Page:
The limitations of GR can be rectified to a greater extent by using add-ons and Greasemonkey scripts.

Why I think you should use this product:
If you would like to optimise the use of your time/cognitive surplus, then automating your reading input via GR as far as possible would help you to focus on material which is central to your core needs, and avoid the clutter of subject material that might be peripheral to those needs.

How it compares to similar products:
Very favourably, but your effective use of GR would tend to depend on your preferences and meeds.
Some feed-readers and news-readers are browser-based online tools - e.g., as is GR - whereas others are client-based. I find that by using GR, Scrapbook and Read It Later (now called "Pocket"), most of my news-reading needs are met.

GR is a very good online browser-based feed-reader and news-reader.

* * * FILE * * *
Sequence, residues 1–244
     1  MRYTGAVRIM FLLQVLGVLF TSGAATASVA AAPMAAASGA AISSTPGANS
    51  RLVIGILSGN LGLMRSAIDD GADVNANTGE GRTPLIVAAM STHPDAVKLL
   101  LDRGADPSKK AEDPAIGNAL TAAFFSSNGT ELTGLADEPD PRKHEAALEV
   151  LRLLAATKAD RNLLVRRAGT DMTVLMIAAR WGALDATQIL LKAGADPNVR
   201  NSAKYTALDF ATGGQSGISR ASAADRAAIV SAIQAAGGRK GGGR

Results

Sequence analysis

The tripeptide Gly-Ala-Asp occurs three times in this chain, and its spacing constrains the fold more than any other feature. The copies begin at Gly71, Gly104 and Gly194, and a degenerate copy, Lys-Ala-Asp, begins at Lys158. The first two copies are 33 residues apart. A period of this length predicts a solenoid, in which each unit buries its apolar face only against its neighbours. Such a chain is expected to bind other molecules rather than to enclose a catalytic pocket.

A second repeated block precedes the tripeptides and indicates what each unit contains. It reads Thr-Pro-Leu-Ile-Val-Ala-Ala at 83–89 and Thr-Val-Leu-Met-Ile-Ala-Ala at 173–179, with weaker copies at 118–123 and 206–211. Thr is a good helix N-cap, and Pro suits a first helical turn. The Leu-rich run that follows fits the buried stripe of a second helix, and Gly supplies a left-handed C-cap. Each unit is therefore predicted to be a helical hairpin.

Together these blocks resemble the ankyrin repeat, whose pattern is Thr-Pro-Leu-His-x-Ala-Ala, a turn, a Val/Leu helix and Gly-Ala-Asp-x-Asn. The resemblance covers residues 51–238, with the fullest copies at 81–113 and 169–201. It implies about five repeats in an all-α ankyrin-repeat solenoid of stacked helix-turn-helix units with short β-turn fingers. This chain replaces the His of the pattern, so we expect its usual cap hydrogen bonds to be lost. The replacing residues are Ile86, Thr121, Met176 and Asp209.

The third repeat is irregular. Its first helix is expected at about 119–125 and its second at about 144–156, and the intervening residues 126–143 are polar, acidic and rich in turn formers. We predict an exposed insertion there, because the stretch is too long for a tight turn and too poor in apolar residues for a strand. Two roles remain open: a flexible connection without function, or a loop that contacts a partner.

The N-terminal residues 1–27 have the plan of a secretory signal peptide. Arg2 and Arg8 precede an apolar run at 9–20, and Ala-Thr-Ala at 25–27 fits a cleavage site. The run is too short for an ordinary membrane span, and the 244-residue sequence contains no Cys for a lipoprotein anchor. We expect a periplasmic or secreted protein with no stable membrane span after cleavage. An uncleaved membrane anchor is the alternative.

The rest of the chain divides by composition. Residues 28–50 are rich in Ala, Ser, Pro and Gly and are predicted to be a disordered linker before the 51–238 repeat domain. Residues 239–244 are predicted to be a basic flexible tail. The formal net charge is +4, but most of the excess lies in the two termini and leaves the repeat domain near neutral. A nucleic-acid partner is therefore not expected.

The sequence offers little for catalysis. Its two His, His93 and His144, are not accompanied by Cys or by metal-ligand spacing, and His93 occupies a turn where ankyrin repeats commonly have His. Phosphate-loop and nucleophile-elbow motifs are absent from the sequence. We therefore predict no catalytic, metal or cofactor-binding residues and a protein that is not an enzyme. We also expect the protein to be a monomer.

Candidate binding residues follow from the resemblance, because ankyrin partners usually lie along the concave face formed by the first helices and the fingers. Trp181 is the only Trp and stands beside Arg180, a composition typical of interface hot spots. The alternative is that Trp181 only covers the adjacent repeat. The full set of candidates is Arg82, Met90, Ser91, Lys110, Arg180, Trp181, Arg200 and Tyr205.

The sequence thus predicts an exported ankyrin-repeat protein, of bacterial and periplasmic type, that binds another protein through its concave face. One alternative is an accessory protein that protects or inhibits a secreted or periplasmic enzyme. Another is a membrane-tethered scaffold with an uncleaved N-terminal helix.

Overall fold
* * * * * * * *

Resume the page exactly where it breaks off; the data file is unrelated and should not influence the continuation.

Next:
You don't need to install anything on your PC (except for the Firefox browser and any Firefox add-ons.).
The Firefox add-ons overcome the worst of GR's constraints and make GR much more effective than a lot of other Readers.

I haven't use this one, I use Nook reader app.

 :o and  :huh:

We launched Google Reader in 2005 in an effort to make it easy for people to discover and keep tabs on their favorite websites. While the product has a loyal following, over the years usage has declined. So, on July 1, 2013, we will retire Google Reader. Users and developers interested in RSS alternatives can export their data, including their subscriptions, with Google Takeout over the course of the next four months.
--- End quote ---

 :( >:(